Morning Report: The economy slips in February

Vital Statistics:

S&P futures39088.4
Oil (WTI)61.22-0.72
10 year government bond yield 1.69%
30 year fixed rate mortgage 3.35%

Stocks are flattish this morning on no real news. Bonds and MBS are up small.

The upcoming week will have a lot of Fed-speak, but should be relatively non-eventful for economic data. We will get personal incomes and spending on Friday, along with the third revision of Q4 GDP.

Congress has allocated money to help struggling landlords who aren’t receiving rent from the their tenants. That said, many landlords are turning down this aid because of the strings attached. “If you have someone who wasn’t upholding their end of the contract…you’re asking the housing provider to sign up for essentially another year of this person being in this unit unable to pay,” said Amanda Gill, government affairs director for the Florida Apartment Association, a landlord trade group.

The Chicago Fed National Activity Index slipped in February, as production and consumption fell. Bad weather was a factor in the production numbers, but shouldn’t have played a part in the consumption area. The idea that we are going to start a rip-roaring recovery in the back half of the year is predicated on spending, particularly stimulus funds. If people use that money to pay bills or reduce debt, the effect will be much smaller.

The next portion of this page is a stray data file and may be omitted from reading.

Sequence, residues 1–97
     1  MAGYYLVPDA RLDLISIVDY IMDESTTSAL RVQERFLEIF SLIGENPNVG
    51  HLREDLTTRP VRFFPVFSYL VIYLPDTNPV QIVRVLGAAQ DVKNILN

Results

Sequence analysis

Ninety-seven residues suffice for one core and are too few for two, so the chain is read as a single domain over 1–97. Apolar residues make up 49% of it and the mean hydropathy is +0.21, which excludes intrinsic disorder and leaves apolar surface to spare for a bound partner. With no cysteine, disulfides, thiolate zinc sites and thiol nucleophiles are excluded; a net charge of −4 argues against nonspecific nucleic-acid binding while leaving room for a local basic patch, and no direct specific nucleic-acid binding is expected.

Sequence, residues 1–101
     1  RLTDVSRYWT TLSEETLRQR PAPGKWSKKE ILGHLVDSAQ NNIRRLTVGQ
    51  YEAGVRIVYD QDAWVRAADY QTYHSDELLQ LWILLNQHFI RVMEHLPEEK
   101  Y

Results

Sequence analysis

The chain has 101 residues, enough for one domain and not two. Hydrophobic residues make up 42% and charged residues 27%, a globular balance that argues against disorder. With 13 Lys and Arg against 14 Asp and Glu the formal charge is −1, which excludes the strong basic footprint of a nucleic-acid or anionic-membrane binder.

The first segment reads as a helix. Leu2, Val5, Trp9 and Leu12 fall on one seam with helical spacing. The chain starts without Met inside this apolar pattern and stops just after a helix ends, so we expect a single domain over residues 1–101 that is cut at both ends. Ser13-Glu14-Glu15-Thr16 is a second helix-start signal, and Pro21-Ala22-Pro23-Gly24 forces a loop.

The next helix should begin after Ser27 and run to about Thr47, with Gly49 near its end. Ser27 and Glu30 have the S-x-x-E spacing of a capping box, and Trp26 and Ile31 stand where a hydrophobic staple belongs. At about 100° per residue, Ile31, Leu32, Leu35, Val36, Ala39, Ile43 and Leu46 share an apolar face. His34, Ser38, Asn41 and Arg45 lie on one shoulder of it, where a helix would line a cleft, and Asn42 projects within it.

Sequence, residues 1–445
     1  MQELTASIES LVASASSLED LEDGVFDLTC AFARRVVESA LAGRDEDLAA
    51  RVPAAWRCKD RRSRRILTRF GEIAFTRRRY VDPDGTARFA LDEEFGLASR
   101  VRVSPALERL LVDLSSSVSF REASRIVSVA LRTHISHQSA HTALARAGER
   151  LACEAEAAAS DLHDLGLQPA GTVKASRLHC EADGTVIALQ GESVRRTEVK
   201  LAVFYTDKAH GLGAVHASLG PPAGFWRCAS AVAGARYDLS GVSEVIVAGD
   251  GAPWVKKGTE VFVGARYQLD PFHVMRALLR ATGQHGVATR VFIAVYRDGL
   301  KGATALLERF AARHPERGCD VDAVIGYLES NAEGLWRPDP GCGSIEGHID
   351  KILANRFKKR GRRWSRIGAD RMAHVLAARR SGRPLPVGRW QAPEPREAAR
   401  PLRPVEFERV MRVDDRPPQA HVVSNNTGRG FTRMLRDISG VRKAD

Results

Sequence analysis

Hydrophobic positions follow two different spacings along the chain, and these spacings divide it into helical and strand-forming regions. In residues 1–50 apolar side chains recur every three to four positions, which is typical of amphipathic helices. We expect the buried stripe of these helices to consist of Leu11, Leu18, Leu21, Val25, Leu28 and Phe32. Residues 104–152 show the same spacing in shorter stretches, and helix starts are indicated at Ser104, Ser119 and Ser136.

Existing Home Sales fell 6.6% in February, according to NAR. That said, they still were up 9% on a YOY basis. The median home price came in at $313,000, which was up 16% from a year ago. Inventory stood at just over 1 million homes, which is a 2 month supply.

“Despite the drop in home sales for February – which I would attribute to historically-low inventory – the market is still outperforming pre-pandemic levels,” said Lawrence Yun, NAR’s chief economist.

“I still expect this year’s sales to be ahead of last year’s, and with more COVID-19 vaccinations being distributed and available to larger shares of the population, the nation is on the cusp of returning to a sense of normalcy,” Yun said. “Many Americans have been saving money and there’s a strong possibility that once the country fully reopens, those reserves will be unleashed on the economy.”


Author: Brent Nyitray

In the physical sciences, knowledge is cumulative. In the financial markets, it is cyclical

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